Capitals general manager George McPhee is a popular guy these days.
In addition to interviewing some of the brightest minds in hockey as he searches for his next head coach, McPhee is listening to offers from other NHL general managers interested in acquiring some of the 11 draft picks the Capitals are holding entering this weekends trade-fest in Pittsburghs Consol Energy Center.
In particular, opposing GMs would like to get their hands on the Caps first-round picks at Nos. 11 and 16.
Its a real busy time for trades because as weve all learned, trades are difficult to make during the season now that were in a cap world. Its just hard to and weve certainly experienced that.
In his 15 years as Capitals general manager McPhee said hes seen a shift in how teams operate, saying there are no more hidden agendas about what teams are seeking and what they have to offer as trade bait.
It used to be you would call a club and most guys would hold things pretty close to the vest because they didnt want everyone to know what they were doing with their ammunition, McPhee said.
Now, most teams say, Listen, Im deep here or there and Im trying to move this or that. Guys are much more open about what they want to do and getting the message out there to clubs because this is the time to deal.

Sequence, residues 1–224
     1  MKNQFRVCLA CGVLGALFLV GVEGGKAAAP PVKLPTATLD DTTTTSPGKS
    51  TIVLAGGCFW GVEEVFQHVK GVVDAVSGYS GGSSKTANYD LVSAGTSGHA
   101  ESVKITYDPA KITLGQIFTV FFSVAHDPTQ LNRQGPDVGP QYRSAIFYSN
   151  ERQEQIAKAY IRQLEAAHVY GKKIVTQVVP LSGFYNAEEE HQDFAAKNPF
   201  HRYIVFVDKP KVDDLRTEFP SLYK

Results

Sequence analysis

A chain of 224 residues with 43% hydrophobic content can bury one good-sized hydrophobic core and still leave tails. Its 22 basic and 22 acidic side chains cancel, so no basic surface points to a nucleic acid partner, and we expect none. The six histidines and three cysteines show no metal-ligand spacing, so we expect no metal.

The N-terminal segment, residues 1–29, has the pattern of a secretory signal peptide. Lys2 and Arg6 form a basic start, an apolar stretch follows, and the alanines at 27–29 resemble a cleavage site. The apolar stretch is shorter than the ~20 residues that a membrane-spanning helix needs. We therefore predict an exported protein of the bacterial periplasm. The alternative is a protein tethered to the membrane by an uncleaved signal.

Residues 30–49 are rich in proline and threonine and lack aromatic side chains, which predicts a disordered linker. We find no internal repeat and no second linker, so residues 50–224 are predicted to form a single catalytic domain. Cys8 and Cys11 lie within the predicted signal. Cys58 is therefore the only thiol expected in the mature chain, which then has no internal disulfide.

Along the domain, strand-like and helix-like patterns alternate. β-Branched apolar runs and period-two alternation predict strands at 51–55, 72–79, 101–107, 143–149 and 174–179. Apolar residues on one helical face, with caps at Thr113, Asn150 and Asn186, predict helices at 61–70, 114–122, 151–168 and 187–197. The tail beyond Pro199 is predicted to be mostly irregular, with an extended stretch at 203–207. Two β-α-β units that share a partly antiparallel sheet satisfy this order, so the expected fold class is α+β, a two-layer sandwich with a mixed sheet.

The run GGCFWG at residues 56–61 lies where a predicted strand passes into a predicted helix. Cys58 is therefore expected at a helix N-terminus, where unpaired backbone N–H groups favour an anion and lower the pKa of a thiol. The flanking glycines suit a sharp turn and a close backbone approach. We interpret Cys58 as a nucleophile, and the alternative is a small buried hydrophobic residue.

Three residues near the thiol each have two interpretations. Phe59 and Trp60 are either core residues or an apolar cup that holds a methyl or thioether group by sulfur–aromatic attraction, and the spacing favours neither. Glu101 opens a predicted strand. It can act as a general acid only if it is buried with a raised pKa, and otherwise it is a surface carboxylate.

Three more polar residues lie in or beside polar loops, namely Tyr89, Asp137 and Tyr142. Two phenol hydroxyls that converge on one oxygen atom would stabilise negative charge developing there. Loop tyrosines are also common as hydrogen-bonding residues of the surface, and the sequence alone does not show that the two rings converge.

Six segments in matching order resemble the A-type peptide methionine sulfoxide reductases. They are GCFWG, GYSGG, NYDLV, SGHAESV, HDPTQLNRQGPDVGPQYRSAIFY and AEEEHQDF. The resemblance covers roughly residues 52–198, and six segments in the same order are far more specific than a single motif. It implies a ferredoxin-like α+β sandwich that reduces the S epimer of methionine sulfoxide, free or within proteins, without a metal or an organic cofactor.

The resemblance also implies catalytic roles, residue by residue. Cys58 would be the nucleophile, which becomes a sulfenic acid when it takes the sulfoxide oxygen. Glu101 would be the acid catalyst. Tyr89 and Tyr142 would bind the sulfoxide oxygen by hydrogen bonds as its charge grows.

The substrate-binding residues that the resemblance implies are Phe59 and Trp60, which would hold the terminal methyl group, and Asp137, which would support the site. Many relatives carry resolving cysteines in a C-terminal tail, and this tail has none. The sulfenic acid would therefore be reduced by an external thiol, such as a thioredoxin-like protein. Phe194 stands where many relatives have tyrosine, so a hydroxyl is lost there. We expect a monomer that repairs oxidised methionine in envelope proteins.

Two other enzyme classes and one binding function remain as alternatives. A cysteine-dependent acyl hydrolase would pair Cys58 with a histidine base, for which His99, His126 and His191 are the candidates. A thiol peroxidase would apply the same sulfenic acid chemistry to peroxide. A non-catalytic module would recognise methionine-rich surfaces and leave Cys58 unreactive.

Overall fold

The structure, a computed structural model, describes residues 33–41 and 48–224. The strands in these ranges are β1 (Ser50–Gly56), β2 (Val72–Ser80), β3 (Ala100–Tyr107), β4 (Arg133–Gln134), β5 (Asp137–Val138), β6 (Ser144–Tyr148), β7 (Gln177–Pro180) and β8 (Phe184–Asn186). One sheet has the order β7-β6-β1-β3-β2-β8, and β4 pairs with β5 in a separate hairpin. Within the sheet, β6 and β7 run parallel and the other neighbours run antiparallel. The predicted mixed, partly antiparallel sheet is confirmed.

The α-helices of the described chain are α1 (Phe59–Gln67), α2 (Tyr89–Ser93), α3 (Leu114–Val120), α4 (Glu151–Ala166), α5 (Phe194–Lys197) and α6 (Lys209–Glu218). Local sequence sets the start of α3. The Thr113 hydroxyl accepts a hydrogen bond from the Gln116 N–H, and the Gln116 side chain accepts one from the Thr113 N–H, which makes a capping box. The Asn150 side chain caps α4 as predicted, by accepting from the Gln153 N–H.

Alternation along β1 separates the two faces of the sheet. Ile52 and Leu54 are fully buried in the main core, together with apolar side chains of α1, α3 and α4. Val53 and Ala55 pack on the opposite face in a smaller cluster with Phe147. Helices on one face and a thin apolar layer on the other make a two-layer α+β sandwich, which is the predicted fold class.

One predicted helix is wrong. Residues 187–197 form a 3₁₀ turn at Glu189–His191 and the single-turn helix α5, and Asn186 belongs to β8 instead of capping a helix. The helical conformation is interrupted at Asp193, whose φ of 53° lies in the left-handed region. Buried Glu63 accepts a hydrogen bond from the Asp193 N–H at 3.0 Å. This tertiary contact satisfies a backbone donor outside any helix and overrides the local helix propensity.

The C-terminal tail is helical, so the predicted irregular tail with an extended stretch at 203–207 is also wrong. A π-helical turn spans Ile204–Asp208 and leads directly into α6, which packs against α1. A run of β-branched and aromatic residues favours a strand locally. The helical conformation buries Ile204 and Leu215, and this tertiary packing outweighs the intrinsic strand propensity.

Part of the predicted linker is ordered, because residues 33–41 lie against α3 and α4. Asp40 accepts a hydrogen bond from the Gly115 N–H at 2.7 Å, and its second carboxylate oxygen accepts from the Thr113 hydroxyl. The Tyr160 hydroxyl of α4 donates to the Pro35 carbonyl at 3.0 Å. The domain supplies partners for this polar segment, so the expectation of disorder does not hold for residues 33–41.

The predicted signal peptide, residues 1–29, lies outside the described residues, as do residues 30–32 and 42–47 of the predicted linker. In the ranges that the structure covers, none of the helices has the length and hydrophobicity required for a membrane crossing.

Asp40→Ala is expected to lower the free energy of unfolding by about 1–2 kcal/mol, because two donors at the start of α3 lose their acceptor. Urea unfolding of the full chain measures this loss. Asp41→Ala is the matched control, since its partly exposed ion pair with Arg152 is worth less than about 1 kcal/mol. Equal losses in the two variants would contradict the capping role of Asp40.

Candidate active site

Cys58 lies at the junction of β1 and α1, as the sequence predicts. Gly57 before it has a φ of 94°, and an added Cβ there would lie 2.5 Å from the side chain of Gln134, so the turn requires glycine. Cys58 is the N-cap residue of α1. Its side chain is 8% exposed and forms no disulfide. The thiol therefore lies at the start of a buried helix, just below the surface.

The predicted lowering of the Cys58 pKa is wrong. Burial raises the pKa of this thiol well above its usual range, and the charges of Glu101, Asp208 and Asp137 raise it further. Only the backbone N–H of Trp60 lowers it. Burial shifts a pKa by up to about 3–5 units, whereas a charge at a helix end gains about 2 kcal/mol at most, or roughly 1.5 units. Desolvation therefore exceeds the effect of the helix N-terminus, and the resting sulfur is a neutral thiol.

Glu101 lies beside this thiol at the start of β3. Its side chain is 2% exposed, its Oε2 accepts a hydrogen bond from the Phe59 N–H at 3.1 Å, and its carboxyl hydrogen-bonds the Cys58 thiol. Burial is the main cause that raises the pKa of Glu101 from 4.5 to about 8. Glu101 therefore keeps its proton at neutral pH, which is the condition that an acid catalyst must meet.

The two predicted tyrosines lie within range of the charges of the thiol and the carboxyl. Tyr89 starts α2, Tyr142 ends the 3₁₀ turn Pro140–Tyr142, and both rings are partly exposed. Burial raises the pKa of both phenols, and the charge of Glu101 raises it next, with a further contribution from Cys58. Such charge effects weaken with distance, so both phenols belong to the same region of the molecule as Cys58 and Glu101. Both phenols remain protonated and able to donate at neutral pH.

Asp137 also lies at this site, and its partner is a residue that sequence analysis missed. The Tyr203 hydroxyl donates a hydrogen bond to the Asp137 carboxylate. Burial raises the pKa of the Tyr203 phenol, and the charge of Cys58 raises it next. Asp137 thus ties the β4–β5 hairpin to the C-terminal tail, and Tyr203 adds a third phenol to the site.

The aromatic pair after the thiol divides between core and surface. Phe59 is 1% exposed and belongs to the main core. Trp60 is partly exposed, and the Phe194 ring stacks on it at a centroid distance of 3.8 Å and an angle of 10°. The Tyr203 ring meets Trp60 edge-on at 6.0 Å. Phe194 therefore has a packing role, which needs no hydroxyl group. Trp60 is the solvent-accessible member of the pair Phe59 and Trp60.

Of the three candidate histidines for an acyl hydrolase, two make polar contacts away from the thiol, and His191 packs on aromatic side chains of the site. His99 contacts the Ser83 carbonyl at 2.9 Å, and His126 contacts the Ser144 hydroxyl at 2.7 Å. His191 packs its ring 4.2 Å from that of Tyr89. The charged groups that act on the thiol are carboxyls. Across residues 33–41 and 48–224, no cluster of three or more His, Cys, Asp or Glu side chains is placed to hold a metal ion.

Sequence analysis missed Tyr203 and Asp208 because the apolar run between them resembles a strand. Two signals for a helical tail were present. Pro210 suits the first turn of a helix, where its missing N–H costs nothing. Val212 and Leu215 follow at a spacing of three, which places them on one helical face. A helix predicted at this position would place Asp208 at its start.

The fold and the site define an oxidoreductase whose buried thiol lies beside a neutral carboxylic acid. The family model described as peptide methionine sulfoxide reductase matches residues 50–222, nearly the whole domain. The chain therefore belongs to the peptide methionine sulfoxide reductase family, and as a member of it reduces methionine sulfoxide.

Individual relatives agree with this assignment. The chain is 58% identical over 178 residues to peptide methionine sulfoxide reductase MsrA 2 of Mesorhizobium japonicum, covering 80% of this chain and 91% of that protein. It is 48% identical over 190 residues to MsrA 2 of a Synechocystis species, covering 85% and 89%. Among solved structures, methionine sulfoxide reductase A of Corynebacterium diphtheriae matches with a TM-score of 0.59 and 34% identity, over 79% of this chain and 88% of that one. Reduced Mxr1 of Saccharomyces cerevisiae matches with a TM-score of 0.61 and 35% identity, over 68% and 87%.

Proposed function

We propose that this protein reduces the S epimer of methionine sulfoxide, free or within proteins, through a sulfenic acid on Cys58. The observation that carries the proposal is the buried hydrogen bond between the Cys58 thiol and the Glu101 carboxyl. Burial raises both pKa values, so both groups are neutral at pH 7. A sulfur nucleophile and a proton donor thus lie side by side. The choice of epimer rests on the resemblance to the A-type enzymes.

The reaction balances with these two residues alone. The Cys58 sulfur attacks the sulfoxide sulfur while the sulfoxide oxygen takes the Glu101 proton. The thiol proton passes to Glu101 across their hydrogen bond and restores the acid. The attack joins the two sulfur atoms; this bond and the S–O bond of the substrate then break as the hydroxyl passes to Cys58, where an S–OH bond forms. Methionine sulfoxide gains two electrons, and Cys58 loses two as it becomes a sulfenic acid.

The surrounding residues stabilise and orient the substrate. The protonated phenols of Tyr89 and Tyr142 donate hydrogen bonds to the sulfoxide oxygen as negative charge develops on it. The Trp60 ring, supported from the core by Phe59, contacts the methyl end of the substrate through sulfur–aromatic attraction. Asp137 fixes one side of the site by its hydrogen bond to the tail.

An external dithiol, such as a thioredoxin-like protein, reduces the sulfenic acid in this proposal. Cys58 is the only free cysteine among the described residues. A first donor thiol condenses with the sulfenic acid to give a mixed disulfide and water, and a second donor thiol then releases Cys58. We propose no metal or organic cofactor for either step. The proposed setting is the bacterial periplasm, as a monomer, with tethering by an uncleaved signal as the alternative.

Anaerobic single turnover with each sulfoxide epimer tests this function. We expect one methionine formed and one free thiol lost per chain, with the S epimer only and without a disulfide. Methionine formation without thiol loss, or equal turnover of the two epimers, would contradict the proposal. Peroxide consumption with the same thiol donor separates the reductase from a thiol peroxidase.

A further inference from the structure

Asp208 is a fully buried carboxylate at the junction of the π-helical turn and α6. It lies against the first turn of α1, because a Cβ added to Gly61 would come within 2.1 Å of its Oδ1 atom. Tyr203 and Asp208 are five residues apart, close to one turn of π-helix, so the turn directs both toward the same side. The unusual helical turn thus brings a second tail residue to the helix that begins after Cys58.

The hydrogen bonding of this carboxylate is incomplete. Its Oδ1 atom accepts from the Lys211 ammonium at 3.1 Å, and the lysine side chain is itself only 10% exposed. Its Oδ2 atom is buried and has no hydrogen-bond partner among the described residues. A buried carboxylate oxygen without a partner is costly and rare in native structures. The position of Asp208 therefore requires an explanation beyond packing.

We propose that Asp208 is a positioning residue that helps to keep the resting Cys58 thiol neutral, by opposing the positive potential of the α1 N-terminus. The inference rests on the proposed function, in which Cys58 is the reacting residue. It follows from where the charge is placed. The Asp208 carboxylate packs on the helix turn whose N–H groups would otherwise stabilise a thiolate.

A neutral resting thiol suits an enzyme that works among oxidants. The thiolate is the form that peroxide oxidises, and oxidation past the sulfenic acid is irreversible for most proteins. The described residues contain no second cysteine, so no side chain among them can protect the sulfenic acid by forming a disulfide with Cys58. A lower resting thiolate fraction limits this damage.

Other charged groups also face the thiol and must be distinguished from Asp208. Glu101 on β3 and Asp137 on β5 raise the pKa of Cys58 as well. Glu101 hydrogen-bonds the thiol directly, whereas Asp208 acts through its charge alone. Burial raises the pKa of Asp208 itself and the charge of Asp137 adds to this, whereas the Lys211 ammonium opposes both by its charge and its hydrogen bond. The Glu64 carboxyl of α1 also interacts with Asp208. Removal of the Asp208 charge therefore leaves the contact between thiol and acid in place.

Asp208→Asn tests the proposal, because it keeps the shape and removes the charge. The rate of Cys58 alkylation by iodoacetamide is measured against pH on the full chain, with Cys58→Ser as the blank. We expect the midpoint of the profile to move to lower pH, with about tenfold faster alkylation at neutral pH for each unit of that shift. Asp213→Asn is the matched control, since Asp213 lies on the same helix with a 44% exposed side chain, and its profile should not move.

A perfect example is what Columbus Blue Jackets general manager Scott Howson is doing with right wing Rick Nash. Howson sent out word to every general manager in the league that he is willing to trade his star forward and is collecting teams proposals.
As many as 10 teams have reportedly entered the bidding war for Nash, who has six years and 46.8 million remaining on his contract. Six teams have emerged as the top contenders for Nash and five are from the East the Rangers, Flyers, Hurricanes, Bruins and Maple Leafs, along with the Sharks.
If the Capitals are interested in Nash and they should be the asking price would start with one maybe both of their first-round picks, a player off their NHL roster and at least one top prospect.
Would McPhee consider trading those first-round picks in a package for an established player like Nash or anyone else on the trade market?
Were sort of at the conversation stage with everybody right now, he said, and there are really no proposals that you can really sink your teeth into right now.
Last year, McPhee dealt a first-round pick to the Blackhawks for Troy Brouwer, a hard-hitting second- or third-line right wing who played much of the season on the Capitals top line.
With Alex Semin likely to play elsewhere next season, should McPhee get creative with his draft picks and acquire a player who can ride shotgun with Ovechkin for the next six years?